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Politically corrupt/politically correct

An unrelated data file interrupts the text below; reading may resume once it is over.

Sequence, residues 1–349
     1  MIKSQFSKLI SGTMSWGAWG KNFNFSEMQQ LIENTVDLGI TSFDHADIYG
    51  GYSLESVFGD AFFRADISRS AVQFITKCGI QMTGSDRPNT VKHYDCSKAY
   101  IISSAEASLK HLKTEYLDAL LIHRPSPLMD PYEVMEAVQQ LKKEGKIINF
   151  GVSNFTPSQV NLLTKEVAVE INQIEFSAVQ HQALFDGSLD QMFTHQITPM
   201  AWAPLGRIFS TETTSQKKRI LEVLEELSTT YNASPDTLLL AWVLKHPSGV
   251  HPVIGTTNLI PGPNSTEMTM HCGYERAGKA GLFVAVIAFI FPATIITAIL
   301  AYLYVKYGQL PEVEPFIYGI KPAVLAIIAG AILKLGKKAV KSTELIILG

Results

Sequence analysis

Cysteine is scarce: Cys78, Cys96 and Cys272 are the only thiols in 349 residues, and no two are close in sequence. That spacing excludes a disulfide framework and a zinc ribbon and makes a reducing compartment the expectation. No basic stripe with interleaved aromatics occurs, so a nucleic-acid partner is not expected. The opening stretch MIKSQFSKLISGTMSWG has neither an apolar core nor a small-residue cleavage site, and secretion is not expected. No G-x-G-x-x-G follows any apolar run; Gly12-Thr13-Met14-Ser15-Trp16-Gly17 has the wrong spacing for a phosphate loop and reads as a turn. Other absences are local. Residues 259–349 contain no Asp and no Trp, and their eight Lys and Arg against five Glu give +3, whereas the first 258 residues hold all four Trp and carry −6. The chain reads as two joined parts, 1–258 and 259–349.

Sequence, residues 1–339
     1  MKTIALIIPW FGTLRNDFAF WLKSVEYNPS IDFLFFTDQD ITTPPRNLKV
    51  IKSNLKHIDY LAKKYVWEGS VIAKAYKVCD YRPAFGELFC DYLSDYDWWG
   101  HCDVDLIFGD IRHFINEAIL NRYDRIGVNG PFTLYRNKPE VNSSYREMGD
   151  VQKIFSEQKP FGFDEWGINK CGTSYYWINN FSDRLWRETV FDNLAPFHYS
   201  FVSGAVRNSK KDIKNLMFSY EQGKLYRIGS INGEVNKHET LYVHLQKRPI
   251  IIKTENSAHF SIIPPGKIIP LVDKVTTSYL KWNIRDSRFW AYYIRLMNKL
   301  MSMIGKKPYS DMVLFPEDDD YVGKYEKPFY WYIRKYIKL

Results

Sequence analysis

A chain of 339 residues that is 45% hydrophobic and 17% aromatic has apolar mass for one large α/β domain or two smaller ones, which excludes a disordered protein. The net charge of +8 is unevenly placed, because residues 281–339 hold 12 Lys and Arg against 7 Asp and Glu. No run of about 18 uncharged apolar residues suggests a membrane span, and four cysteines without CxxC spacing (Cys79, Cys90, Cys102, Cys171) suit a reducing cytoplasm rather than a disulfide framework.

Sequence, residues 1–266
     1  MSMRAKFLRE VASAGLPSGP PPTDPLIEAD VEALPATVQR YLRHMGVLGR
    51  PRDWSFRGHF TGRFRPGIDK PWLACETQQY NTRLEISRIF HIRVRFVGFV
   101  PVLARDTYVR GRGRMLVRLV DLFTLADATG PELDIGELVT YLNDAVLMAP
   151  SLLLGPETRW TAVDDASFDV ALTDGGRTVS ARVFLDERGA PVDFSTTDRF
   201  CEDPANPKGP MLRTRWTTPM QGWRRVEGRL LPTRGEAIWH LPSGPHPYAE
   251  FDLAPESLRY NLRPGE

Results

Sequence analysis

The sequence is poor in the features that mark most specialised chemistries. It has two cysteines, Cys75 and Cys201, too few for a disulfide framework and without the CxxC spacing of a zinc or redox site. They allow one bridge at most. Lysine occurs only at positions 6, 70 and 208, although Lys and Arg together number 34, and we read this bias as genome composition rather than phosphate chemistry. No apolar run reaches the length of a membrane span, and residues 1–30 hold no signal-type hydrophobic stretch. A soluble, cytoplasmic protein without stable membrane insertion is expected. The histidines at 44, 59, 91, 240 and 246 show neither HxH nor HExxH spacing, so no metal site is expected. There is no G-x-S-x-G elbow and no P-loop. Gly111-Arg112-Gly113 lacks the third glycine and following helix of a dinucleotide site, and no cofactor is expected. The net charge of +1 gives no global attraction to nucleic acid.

On Feb. 7, the Upper Black Squirrel Groundwater Management District will hold an election to fill a vacant board seat in District 2. Doug Woods and Gary Lake were the only ones to obtain the required amount of signatures in their districts – 1 and 5, respectively – to win seats on the UBS. No one in District 4 garnered enough signatures, so the new board will fill that position after the elections.The UBS governs the water supply in the Upper Black Squirrel alluvial aquifer and the Denver Basin wells – the water that supplies Falcon and surrounding area wells.The criteria for board membership: Candidates must have owned land in the representing area (east of Meridian Road – exception is the Falcon Town Center) for the last 20 months. Board candidates had to collect enough signatures to equal 15 percent of the number of people who voted in the last election, or 26 signatures.So, it appears that Woods and Lake are in. But I am wondering about the board’s objectivity in making decisions about water issues. Doug Woods owns land as a trustee in Meridian Ranch, and is a member of the Meridian Ranch Metro District. His only investment in water in the area: the housing development. Woods lives in San Diego, although he did register to vote here, and he does pay taxes here.However, why would someone who lives in California serve on a water board for Colorado? Is an alignment with Meridian Ranch a conflict of interest? There are intergovernmental agreements among Woodmen Hills, the Cherokee Metro District and Meridian Ranch Metro District – how can Woods vote on anything related to water? Is he there to protect the interests of his district?I haven’t talked to Woods, so he hasn’t had a chance to defend his interests. And, unless he tells me he is moving here, I don’t know what he could say to change my mind.I did speak to Gary Lake from Ellicott – District 5. Gary raises cattle and works as a technician for El Paso County Telephone. He’s lived in Colorado for 27 years, and he’s been active in his community. He’s also involved in some development.Gary just termed out of the Ellicott school board. He said it’s difficult to get someone interested to serve on controversial boards, like water and school boards.However, he said “quality of growth depends on people making good decisions.” How do they make good decisions when there are special interests to protect? There may be a certain conflict of interest, he said, but being a conservationist is vital to one’s livelihood as well. “You can only cut the (water) pie in so many pieces,” Gary said. “I believe some diverse viewpoints can be a good thing. The harder thing is to have a decision not go your way and then have to get behind it and make it policy.” He cited a few times he abstained from voting while he was on the school board.OK, so Gary makes a good point, but I still don’t buy the idea that someone who lives out of state is an acceptable candidate for a water board (or any other board) in another state. I don’t care how much of his livelihood is embedded in development in this county. His intake of the water table is not. Woods will never be directly affected by a lack of water.It still reads “politically corrupt” to me.On another note:It’s Black History Month, and I think it’s great we celebrate all the cultures that make up America. I grew up in Indiana – about three hours from Chicago. I loved going to Chicago – there were pockets of Italians, Polish, German and Irish people in overlapping neighborhoods. Whatever their heritage, those people were proud to call themselves Americans, not Irish-Americans or German-Americans, but Americans. Not African-Americans.OK, I am now making a politically INCORRECT statement: I think the term African-American is separatist, elitist and nothing more than a media-driven attempt to keep another term – politically correct – alive and well.Former President Teddy Roosevelt, in a speech he gave to the Knights of Columbus in October 1915, said, “A hyphenated American is not an American at all.”He also relayed the following in his speech: “The one absolutely certain way of bringing this nation to ruin, of preventing all possibility of its continuing to be a nation at all, would be to permit it to become a tangle of squabbling nationalities, an intricate knot of German-Americans, Irish-Americans, English-Americans, French-Americans, Scandinavian-Americans or Italian-Americans, each preserving its separate nationality.”Jesse Jackson presented the term African-American to the public a few years ago, and somehow the media latched on, and, poof, it became politically correct to reference blacks in America as African-Americans. According to Wikipedia, the online dictionary, political correctness is a “term used … to describe real or perceived attempts to impose limits on the acceptable language, terms and viewpoints in public discussion.”Well, in this case, the political correctness of using African-American does impose limits – limits that thwart our attempts to rid this country of prejudice and exclusion involving any race.The term even has black people arguing. According to a Los Angeles Times article written by black author John McWhorter, Alan Keyes, the black Illinois Republican who lost the senate race to black Democrat Barack Obama, contended that he was the real African-American. Obama’s father is from Africa, but Keyes said the real African-Americans are “people with a history of subordination.”Here’s what else McWhorter had to say in his article: “It (African-American verbiage) sets us apart from the mainstream. It carries an air of standing protest, a reminder that our ancestors were brought here against their will, that their descendents were treated like animals for centuries.” And I talked to one of my friends in Indiana who has a close circle of non-white friends. She asked a couple of her black friends how they felt about the African-American term. They had no problem with the word “black.” Besides, why must we reference people by the color of their skin?My ancestors are Irish and French, but I am white by skin – American by birth. I do not want to be disconnected from what is my birthright – why should anyone else?Marylou@newfalconherald.com